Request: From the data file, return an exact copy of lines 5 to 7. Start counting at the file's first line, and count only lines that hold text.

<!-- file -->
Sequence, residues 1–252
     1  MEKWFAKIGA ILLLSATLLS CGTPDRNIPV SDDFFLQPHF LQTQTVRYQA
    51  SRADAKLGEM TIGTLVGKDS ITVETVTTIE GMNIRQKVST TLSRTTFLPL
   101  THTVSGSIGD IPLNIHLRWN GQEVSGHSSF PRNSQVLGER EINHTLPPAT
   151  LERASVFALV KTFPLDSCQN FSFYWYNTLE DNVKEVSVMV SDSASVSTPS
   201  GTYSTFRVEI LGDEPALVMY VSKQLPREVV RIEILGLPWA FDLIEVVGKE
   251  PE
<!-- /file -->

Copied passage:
   151  LERASVFALV KTFPLDSCQN FSFYWYNTLE DNVKEVSVMV SDSASVSTPS
   201  GTYSTFRVEI LGDEPALVMY VSKQLPREVV RIEILGLPWA FDLIEVVGKE
   251  PE